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Teen Review-Knit the Bridge Feature

jessicaHi! My name is Jessica and I am a literary artist at Pittsburgh CAPA 6-12. I am currently in 11th grade and my favorite type of writing is poetry, although fiction comes in as a close second. I like to think that I’m a professional friendship bracelet maker and I also enjoy knitting. I enjoy reading very much and find myself to be most content when I am curled up with a book and a cup of tea.


Knitting is something that only your grandmother does…right? Not anymore! Just when you were thinking that knitting (and crocheting) could never be cool, an amazing art installation project called Knit the Bridge is coming along to prove you wrong.

So what exactly is Knit the Bridge anyways? Knit the Bridge is a community-led project with the hope of bringing communities together to all participate in an amazing final project of yarn bombing the Andy Warhol bridge downtown. Normally, yarn bombing is done on a small scale, usually on trees or monuments, but Knit the Bridge is taking it a step farther and covering an entire bridge with beautiful hand knitted or crocheted panels. They have somewhere around 600 panels, all donated and made by community groups or just by single members of the community. All of the panels are unique in their own ways, representing the diversity that Knit the Bridge wants to capture.

The project has had people working for a little over a year now and everyone involved is very dedicated to the project. In fact, there is currently a gallery over in East Liberty where Knit the Bridge has assembled a headquarters of sorts before their installation date. It is called the Spinning Plate gallery and it is covered with all the knitted panels and houses a workshop as the group continues to prepare for the yarn bombing. I encourage you to go and take a look and see what they are all about, even if you cannot knit or crochet.

One of the best parts of this project has been its ability to bring people together. As I have participated in it, I’ve met many new people and even learned to knit, something I couldn’t do before. I never realized how much fun knitting could be, but when you are surrounded by great people who are all very dedicated to something, there is so much good energy that it helps you become a better person.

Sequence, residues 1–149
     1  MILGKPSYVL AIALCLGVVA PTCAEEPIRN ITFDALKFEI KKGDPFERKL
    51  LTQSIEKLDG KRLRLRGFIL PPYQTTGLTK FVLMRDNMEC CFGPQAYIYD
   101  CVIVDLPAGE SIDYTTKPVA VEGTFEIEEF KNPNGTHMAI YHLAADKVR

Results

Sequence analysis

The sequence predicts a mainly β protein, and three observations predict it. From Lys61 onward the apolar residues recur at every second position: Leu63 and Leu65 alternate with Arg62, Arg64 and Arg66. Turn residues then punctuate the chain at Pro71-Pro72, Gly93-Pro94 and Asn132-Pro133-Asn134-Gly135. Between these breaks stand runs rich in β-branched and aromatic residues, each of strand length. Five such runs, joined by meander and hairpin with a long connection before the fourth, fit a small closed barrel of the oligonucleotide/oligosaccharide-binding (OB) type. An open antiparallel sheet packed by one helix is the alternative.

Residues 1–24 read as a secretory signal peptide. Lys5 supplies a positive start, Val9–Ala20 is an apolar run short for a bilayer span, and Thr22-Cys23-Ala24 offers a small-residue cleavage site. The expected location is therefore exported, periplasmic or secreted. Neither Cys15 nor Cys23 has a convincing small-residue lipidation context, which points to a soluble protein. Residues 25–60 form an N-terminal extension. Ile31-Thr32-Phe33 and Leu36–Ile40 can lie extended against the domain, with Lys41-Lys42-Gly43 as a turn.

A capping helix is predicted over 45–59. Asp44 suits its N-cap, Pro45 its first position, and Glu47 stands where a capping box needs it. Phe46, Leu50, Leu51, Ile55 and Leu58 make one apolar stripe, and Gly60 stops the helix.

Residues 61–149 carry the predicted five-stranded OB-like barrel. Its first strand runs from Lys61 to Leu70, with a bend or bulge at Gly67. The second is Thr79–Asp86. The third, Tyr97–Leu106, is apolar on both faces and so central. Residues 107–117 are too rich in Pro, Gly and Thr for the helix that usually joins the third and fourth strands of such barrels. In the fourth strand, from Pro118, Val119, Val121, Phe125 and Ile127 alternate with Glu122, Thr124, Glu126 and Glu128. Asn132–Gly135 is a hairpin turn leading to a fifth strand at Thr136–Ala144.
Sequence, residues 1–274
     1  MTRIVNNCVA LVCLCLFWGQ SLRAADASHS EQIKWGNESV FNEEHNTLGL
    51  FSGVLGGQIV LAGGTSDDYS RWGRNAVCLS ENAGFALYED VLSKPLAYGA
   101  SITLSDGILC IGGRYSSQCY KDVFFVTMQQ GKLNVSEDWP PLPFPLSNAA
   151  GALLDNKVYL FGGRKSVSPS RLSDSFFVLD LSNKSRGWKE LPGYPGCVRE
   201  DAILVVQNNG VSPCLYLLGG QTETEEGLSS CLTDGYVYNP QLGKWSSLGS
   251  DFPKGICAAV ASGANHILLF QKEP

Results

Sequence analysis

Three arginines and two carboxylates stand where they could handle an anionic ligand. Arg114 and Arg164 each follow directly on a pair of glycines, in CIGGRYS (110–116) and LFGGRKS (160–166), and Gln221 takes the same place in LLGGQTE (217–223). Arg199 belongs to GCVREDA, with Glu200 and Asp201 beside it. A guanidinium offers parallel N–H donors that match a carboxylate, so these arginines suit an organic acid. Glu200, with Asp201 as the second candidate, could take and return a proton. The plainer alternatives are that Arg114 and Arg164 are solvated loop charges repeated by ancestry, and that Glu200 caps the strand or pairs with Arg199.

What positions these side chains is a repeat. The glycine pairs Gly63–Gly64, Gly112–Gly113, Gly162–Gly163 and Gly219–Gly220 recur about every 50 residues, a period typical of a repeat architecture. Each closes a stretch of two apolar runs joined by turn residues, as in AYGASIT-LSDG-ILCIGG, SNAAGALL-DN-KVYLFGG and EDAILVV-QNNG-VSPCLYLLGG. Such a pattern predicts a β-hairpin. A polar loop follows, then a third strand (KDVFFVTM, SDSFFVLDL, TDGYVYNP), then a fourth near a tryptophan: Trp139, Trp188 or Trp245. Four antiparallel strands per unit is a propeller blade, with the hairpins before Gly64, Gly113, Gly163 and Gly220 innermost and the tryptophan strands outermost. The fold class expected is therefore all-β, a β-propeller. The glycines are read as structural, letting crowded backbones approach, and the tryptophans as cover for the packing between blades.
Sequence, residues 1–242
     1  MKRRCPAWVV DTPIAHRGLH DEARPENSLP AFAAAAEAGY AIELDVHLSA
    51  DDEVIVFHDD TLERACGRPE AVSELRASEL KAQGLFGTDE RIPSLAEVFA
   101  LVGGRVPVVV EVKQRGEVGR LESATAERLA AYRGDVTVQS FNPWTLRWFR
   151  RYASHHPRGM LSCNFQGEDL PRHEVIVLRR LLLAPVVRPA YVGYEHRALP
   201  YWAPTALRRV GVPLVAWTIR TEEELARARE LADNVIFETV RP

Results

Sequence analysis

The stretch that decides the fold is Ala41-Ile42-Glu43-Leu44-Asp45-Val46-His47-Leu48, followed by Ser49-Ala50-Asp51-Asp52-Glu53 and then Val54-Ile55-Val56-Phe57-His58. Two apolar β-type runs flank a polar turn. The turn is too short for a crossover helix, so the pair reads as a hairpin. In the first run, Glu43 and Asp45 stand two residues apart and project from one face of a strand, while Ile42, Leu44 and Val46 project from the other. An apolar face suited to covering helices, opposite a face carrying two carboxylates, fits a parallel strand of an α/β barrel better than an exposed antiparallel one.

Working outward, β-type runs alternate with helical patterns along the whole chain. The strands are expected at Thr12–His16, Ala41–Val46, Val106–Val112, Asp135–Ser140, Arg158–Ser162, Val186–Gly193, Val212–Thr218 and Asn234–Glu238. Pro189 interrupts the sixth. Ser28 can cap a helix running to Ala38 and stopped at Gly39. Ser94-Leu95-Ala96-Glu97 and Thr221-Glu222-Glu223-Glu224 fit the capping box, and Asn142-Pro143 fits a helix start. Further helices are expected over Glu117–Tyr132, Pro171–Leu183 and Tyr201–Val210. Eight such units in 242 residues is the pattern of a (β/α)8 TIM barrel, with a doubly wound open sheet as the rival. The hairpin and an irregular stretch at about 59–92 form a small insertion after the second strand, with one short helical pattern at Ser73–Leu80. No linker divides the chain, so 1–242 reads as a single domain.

The bridge is set to be covered on August 10th and 11th and will be taken down September 7th and 8th. The group has gathered a huge amount of volunteers to help them affix the panels to the bridge, including the railings and towers. Now you may be wondering how all of these blanket size panels will be put to use after serving their time on the bridge, but worry not because they are going to be used for a good cause. The panels will be taken down, laundered, and donated to local homeless shelters to be used as blankets.

I believe very strongly in this project and what they are trying to accomplish. Not only will the bridge be beautiful, but it will bring a spark of color to the Pittsburgh city and showcase the artwork of so many people. There’s something about a bunch of people coming together and participating in something for a good cause that is sort of magical in its own way and it gives off a great feeling. Hopefully this bridge will draw national or even global attention, but even if it doesn’t, it will be a masterpiece that all of Pittsburgh will love.

If you are interested in learning more about Knit the Bridge, visit their Facebook page just by searching “Knit the Bridge”, or check out their blog at knitthebridge.wordpress.com.

One Response

  1. How cool is that? To see an article travel all the way…across town.🙂
    Three cheers for Pittsburgh bloggers, eh?

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